On April 30, 1975, North Vietnamese troops raised their flag over Saigon and took control of the entire country.

During 15 years of military involvement, nearly 2 million Americans served in Vietnam with 500,000 seeing actual combat. Another 47,244 were killed in action, including 8,000 airmen. There were 10,446 non-combat deaths, and 153,329 were seriously wounded, including 10,000 amputees. More than 1,300 American POWs/MIA are still unaccounted for. It is unlikely that any MIA/POW who remain will ever be found.

On Sept. 16, 1974, President Gerald R. Ford announced a clemency program for draft evaders and military deserters. The program ran through March 31, 1975, and required fugitives to take an oath of allegiance and also perform up to two years of community service. Out of an estimated 124,000 men eligible, about 22,500 took advantage of the offer.

Tuesday, December 8, 2015

Time and again

Depending on your philosophical point of view, time is endless. It has no beginning and no end, which invites a question: What came before the beginning of time? Was that a different time?

We are inclined to measure time.

More specifically, history, which we denote in several ways: Prehistoric, ancient, modern and recent. Or just "boring old stuff."

In the past year (measured by a calendar) I've found an eclectic supply of sources for recording the 200 years (measured by a calendar) of Fairfield, which essentially stopped producing its own history at a specific time.

One of the most endearing and fascinating sources was the August Reifel history of Franklin County, which was completed in conjunction with the Indiana celebration of its first 100 years (measured by a calendar).

Reifel completed his massive 1,200-page tome sometime after 1915, just ahead of the state centennial observance. I can almost hear the conversation:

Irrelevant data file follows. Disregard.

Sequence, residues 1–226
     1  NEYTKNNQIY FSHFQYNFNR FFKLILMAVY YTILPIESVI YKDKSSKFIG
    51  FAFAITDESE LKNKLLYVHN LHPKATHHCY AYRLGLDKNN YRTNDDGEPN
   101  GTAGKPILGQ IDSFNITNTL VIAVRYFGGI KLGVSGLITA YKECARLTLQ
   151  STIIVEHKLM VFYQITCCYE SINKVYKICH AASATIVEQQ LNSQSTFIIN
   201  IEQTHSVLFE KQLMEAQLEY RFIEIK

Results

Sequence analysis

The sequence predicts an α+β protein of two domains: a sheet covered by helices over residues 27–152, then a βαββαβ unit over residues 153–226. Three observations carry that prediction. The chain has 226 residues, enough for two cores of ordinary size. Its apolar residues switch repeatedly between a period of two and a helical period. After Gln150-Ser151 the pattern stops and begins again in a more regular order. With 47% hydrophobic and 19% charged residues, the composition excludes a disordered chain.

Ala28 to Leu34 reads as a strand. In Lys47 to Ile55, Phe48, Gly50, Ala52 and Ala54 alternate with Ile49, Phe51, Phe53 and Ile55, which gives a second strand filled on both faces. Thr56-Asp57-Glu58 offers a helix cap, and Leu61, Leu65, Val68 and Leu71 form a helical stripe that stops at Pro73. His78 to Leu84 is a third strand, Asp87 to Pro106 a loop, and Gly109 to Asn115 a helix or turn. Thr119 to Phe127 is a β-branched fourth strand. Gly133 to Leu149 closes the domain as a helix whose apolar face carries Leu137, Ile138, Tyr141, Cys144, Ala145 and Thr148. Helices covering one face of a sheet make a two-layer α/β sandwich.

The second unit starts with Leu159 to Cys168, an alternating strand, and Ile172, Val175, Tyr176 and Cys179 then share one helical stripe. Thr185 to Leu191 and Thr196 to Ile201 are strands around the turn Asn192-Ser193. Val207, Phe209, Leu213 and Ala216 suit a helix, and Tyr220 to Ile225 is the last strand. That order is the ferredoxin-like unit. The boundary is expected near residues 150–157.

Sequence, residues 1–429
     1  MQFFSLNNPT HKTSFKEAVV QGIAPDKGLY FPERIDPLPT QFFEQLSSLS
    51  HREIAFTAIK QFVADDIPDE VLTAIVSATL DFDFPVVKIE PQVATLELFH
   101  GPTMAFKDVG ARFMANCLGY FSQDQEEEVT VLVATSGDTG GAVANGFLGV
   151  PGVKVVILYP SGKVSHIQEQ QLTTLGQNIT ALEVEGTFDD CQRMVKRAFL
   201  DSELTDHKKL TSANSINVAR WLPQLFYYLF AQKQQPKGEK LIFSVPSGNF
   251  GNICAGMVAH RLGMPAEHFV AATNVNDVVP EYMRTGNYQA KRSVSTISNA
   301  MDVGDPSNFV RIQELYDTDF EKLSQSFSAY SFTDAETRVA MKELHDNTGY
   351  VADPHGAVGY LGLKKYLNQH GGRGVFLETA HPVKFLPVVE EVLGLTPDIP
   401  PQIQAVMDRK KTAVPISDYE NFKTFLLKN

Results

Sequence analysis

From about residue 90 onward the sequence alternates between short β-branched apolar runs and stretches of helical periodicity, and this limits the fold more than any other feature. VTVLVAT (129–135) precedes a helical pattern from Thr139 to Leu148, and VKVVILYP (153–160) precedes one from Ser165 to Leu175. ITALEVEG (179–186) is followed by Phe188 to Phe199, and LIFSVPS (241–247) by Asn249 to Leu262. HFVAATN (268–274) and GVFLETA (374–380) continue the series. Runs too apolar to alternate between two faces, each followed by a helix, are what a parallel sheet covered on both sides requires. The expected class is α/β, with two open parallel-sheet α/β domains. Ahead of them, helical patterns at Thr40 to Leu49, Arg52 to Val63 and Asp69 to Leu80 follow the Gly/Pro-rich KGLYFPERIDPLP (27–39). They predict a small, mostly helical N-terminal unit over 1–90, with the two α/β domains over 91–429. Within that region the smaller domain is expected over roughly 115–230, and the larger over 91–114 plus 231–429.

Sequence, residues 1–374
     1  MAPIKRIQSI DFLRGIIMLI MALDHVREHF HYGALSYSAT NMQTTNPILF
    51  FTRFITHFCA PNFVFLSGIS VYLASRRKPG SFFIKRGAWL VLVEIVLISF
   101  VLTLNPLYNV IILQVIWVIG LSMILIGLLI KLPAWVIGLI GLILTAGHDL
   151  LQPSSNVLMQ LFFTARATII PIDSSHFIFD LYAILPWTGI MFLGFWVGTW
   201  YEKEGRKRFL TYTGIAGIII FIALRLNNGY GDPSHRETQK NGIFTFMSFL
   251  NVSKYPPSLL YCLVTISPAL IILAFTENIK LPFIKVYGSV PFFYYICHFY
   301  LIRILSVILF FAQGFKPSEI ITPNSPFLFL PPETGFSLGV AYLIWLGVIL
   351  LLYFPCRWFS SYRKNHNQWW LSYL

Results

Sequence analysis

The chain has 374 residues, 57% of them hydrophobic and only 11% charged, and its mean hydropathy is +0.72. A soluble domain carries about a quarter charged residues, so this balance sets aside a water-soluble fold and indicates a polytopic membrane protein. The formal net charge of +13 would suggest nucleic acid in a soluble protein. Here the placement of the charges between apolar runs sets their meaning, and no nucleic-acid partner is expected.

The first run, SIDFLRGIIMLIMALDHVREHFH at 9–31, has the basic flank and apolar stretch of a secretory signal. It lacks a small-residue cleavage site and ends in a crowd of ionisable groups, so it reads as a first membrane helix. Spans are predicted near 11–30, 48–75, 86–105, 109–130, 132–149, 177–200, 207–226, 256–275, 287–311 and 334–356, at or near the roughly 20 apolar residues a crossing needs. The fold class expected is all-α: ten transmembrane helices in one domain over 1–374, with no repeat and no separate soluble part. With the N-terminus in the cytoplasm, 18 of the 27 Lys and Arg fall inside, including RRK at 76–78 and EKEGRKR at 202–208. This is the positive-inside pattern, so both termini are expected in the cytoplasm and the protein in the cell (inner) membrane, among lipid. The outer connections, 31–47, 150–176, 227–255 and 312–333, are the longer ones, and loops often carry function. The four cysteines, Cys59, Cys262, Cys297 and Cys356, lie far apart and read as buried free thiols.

"Augie, you gotta give us the final manuscript. We need to get this thing to press!"

"But wait," Augie pleaded. "There's much more!"

"Sorry, but time's up."

So August Reifel sealed down the pages, shipped them off to the printer ... and then all hell broke loose.

"I warned you," Augie said quietly.

I learned that Reifel was one of only a few local author-historians who actually completed a county history ahead of the centennial. Another was done by Archibald Shaw in Dearborn County. I have referred to that work often, as well. Other counties either failed to deliver or produced something far less impressive. (Reifel, from about 1910, in the photo).

A lot of what's in these two monster histories is fluff. It's useless (by today's standard) biographies of people who dropped a couple of dollars into the collection plate to make sure their legacies were made immortal.

But the histories are practical and give a sense of how we viewed our past through the eyes of somebody who reported under the rules of engagement a century ago. In a phrase, you have to learn to read a different language. It's not your English. There are abundant examples across the spectrum of this blog.

Reifel's history ended in 1915. Time ran out. As far as he was concerned, the crank telephone was as good as it got.